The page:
…and then, as it was sunny for a bit,  Mrs Tootlepedal and I went off to see the bluebells.  Unfortunately we had left things just a moment too late and by the time that we got to the bluebells, the sun had gone in again.  There was plenty to see on the way through the park and along the river…

park trees

Blossom in the park

…but the most surprising thing that we saw was several young rabbits scuttling across the grass at the far end of the park and disappearing into holes in the banking.  We stopped to watch them scamper about and one rabbit felt mistakenly that it was well enough hidden…

park rabbit

…to avoid the inquisitive lens.

We walked on.

wild garlic

wild garlic along the path

easton ferns

ferns everywhere

P1100090

bluebells and more wild garlic

When we got to them, the bluebells were at their best…

bluebellsbluebells

…but the clouds had thickened up and the dull weather didn’t do them justice.  However, the scent from the flowers was not affected and gave our walk special pleasure.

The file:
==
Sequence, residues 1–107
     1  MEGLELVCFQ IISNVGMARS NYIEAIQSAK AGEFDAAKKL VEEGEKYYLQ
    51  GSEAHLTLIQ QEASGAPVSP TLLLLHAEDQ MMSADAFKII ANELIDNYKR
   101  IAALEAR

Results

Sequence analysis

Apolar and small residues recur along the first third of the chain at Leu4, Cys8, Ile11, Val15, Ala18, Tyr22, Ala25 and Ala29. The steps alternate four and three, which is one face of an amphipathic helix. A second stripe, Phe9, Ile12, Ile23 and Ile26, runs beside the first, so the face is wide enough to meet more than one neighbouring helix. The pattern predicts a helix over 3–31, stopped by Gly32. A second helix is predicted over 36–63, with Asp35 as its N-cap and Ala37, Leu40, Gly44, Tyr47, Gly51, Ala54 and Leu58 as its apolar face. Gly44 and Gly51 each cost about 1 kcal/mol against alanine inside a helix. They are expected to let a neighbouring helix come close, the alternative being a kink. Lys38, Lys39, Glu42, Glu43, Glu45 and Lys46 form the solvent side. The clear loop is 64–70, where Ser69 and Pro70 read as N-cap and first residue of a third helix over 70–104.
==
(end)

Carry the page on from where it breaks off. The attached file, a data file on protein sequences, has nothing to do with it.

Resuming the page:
We came home along the Stubholm track…

Stubholm track

…and walked back through the park, passing stitchwort by the Stubholm track and…

stitchwort and white wild flower

…and an unknown white flower in profusion at the park bridge.

We didn’t have long to wait after we got home before my brother Andrew drove up bringing Susan and Mary, my two eldest sisters with him.   Andrew is on a holiday in north Lancashire, my sister Susan had been staying with friends in Cumbria,  my sister Mary had joined them for a short break in the Lake District based in Penrith and all three had come to Langholm to test the new bench, marvel at the new bike and have a meal at the Douglas Hotel with us.

The test, the marvelling and the meal all went off well and we waved them goodbye as the light began to fade at the end of a good day.

The flying bird of the day is a chaffinch showing strong shoulders as it approaches the feeder.

flying chaffinch